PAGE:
No Margin For Tragedy

The simple answer, that it’s war and sometimes mistakes happen in war, isn’t good enough. Sure, mistakes happen. Sure, war is confusing and chaotic. But Israel knew only too well that it was under extreme scrutiny. Israel knew whose trucks they were, what they were doing there, where they were going and that they were not Hamas, but humanitarian aid workers. It seems impossible that such a mistake could be made.

Israel’s top military commander formally acknowledged on Wednesday that its military had made a “grave mistake” and apologized for the attack on an aid convoy that killed seven workers from the charity group World Central Kitchen, a rare admission of fault by Israel in the six-month-old war in the Gaza Strip.

“It was a mistake that followed a misidentification, at night, during the war, in a very complex condition,” the Israeli military chief of staff, Lt. Gen. Herzi Halevi, said in a video. “It shouldn’t have happened.”

No, it shouldn’t have happened. Of course it shouldn’t have happened. While it is good that Israel admitted that it was responsible for the strikes that killed the World Central Kitchen workers, conceding fault is not sufficient when there can be no good explanation for it happening.

“Every bombing operation by the Israeli Air Force goes through a very lengthy approval process. Things can go wrong in intense combat, but it is anything but indiscriminate. Quite the opposite. It is intensely supervised, but that doesn’t mean there aren’t mistakes; we’re dealing with human beings.

“In a war mistakes happen,” continues [former Israeli ambassador to the United States, Michael] Oren. To illustrate the point, he notes a friendly fire incident he witnessed 40 years ago. “In 1982 I watched a squadron of Israeli phantom jets, in broad daylight, bomb a column of Israeli paratroopers, killing twenty-five. In broad daylight. And all the vehicles were marked. And I think about not only the families of the twenty-five but I think about the pilots who did that. Because they have to live with that.”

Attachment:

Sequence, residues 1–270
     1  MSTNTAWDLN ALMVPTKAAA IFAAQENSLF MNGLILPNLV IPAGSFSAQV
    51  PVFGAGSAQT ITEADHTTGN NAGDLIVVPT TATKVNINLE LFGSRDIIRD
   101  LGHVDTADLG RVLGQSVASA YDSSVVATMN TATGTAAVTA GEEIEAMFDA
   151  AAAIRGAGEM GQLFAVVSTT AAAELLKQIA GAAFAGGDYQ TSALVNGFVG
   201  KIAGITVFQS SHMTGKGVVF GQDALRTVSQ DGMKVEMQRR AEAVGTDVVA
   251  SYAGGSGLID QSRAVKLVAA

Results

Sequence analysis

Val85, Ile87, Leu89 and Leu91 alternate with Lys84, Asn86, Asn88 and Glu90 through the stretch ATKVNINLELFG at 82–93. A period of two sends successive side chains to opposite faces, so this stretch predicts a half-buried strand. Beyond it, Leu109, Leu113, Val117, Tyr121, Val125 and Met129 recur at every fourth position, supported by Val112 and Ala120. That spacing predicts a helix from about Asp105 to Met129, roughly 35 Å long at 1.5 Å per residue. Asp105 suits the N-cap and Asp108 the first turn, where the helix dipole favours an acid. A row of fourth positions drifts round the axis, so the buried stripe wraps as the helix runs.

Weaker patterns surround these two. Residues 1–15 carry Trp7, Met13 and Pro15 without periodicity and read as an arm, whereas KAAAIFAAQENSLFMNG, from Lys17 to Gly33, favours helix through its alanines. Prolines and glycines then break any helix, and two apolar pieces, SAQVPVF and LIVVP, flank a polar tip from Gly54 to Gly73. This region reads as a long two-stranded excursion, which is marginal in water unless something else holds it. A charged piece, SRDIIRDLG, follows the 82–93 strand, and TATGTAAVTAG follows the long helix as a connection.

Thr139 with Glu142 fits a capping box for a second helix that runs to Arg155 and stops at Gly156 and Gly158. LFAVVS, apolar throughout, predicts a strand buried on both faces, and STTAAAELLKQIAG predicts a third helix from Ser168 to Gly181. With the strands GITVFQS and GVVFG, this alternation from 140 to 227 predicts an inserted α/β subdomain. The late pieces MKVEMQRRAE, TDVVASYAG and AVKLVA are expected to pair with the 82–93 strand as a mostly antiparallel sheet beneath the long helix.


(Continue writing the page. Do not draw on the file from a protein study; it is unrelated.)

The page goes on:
This was not merely an inexcusable tragedy, but a tragedy that happened at a time when there was no margin for error, no tolerance for mistakes. No, it does not change the fact of what Hamas did on October 7th. No, it does not change the fact that Hamas continues to hold Israeli hostages for, now, almost six months. No, it does not change the fact that Hamas remains hidden within and under Gazan civilians, prepared and preparing to strike again to kill more Israelis and destroy Israel.

But this is has become a war of public opinion, and Israel is losing the war to the terrorists and their supporters, witting and unwitting.

Oren said there is “nothing in terms of Israel’s interests, in terms of our essential security interests, that is in any way remotely enhanced by this incident. On the contrary, it is greatly impaired by this. It increases the pressure on us to agree to a cease-fire. It increases pressure on the Biden administration to come down harder on Israel.”

He added: “We need to take responsibility for our mistakes, but we can’t take responsibility for the war. This is Hamas’s war.”

For those who have chosen to believe they can support Palestinians without a grasp of the dynamics of terrorism, this tragedy will be seen, and proclaimed, proof that Israel is a genocidal nation bent on killing all Gazans. The strikes against the World Central Kitchen humanitarian aid workers will be spun as a weapon to prevent food from getting to starving Gazans, to ensure widespread famine, to kill more women and children, innocent civilians who are doing nothing more than trying to survive.

For Israel’s enemies and wannbe enemies, meaning those who supported Israel but need an off-ramp to appease loud and angry constituents, Israel has just handed them a gift. This is the ready excuse to abandon Israel for having been responsible for this tragedy. Even though this changes nothing about the underlying situation in Gaza, where the hostages remain in custody and Hamas remains in control, this is all the excuse needed to end support for Israel. One tragic accident.

Other countries have accidents during war, but other countries engage in war with no one watching. Israel is under the world’s scrutiny in a way that has never before occurred. While Syria can kill millions without anyone blinking an eye, Israel’s mistaken killing of seven will be held up as proof that Israel is the most evil nation on the planet. There is no tolerance for mistakes. There is no margin for error. Israel cannot afford any accidents. It may not be fair, but that’s the way it is.

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